The 20th World Solar Challenge took place in Australia in October. One of the more unusual fuel types in the Greenfleet Class of the Darwin to Adelaide race was used by a "Troupy," a lightly modified 1989 Toyota Landcruiser.
According to Pure Energy Systems, the diesel-engined Troupy made the 3,000 kilometer-drive using a fuel called Bios Fuel H2W+, which is 40 percent water and 60 percent waste mineral oil.

Here's how PES describes it:

Bios Fuel claims to have developed a water-based fuel technology that allows hydrogen to be housed safely in water and released on demand for numerous applications. A proprietary catalyst allows water to be suspended in waste oil as an emulsion. The fuel is designed for power generation. It is one of several blends that Bios Fuel has certified to American ASTM standards.

While it is not designed for vehicles, it ran well in the 1989 Toyota Landcruiser Troop Carrier, or "Troupy" as they are affectionately called in the outback. "We thought testing in a harsh environment such as the Australian desert would demonstrate the viability of our fuel beyond doubt, and show that 2nd and 3rd generation waste can be combined with water to provide an energy source", said Bios Fuel founder and CEO Steve Ryan. "Using an old Troupy shows that you don't necessarily have to compromise lifestyle to reduce your effect on the environment".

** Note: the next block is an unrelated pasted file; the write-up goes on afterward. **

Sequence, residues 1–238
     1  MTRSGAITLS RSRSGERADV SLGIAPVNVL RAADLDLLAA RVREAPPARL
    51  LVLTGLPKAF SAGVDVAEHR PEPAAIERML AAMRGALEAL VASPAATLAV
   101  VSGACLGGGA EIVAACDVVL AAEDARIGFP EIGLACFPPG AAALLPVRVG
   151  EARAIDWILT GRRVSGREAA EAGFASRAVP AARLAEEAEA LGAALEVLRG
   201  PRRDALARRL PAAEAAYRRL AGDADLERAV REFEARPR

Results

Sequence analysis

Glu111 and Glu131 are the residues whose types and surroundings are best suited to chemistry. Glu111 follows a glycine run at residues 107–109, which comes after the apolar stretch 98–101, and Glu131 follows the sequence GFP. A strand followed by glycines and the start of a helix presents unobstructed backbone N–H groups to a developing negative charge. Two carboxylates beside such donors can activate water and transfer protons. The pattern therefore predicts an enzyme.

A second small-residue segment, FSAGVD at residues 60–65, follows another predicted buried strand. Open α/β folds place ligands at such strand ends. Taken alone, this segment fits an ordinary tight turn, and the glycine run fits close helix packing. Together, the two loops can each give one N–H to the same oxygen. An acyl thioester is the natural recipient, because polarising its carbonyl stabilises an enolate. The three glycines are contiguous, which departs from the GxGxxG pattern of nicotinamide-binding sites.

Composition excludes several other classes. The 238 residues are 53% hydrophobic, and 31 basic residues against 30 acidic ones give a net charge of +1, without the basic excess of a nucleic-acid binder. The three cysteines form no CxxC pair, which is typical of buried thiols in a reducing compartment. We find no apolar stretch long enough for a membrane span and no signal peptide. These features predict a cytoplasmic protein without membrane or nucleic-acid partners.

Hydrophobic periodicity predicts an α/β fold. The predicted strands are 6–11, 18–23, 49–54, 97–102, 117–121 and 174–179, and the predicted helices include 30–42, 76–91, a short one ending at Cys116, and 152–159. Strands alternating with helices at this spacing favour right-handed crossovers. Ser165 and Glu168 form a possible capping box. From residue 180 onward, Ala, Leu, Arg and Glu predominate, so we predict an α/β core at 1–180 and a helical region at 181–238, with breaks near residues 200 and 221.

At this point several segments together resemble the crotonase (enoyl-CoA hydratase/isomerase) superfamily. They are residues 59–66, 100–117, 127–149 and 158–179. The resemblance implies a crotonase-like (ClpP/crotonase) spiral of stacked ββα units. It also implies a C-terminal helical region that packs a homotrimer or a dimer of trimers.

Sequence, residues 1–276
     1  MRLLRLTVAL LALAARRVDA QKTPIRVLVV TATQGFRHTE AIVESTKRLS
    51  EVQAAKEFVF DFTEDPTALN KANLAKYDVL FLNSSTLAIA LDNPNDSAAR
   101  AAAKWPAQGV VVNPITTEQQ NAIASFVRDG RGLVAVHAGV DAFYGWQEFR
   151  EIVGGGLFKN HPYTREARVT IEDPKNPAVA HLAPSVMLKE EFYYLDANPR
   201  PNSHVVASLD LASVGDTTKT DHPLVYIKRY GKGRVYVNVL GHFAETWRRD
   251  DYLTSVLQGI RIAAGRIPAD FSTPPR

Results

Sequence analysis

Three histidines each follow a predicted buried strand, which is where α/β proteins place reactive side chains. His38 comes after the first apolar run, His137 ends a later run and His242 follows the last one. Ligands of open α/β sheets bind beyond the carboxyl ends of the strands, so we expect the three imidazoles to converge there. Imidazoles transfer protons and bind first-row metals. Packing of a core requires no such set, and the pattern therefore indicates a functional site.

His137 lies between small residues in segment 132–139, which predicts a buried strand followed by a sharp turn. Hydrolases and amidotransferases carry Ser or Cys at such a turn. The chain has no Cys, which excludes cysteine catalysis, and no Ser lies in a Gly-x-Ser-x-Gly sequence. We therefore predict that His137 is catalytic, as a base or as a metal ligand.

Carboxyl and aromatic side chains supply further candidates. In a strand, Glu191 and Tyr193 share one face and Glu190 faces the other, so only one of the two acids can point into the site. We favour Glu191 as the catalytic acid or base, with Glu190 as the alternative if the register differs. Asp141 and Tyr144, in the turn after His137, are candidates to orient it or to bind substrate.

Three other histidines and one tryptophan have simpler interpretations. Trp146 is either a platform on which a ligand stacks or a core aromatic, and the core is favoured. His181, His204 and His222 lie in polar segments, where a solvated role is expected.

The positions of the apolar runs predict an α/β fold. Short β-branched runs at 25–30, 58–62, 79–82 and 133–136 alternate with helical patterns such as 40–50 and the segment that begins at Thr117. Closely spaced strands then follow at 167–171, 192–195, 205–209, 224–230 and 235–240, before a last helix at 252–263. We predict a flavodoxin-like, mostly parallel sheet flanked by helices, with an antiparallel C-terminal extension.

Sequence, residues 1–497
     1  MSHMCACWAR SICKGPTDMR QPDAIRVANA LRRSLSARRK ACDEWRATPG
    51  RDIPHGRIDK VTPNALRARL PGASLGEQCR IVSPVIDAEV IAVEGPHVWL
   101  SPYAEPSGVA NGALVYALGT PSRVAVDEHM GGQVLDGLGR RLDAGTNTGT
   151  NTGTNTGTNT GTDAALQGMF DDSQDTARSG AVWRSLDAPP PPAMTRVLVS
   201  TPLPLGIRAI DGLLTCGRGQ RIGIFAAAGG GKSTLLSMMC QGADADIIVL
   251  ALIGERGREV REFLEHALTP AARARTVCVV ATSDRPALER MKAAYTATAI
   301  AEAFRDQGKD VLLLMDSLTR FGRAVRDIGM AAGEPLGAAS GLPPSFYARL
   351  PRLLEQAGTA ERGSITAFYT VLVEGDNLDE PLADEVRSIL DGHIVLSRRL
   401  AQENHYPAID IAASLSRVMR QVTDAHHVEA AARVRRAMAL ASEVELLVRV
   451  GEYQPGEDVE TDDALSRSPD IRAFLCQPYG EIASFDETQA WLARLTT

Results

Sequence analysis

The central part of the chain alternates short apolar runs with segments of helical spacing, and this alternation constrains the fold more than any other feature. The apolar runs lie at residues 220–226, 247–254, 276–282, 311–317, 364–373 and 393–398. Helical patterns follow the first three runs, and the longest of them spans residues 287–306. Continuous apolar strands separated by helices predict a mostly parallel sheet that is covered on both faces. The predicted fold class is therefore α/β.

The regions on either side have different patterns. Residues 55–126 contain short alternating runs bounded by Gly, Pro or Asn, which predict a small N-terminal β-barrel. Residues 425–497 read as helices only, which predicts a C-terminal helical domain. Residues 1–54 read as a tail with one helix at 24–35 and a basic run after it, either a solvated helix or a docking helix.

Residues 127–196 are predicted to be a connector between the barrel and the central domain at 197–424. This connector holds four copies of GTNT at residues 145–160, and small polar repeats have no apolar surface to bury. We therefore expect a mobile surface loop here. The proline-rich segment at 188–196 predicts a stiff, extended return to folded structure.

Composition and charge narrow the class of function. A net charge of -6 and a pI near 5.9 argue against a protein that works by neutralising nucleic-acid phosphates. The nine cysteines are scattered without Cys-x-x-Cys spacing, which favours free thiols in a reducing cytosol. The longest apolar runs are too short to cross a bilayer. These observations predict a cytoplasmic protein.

There is a history of hype surrounding the idea of placing water into a vehicle's fuel tank, but I'll say - for now - that this appears to be legit. NZ Biofuels sent out a press release on the accomplishment and biosfuel.org has a slick PDF on H2W+ (and related fuels). If you've got a critical take on this fuel (or want to sing its praises), please share it with our readers in the comments below. It seems difficult to fake traveling 3,000 km in a media-rich environment like the Panasonic World Solar Challenge, doesn't it?

[Source: Sterling D. Allan / Pure Energy Systems News, h/t to Tim]

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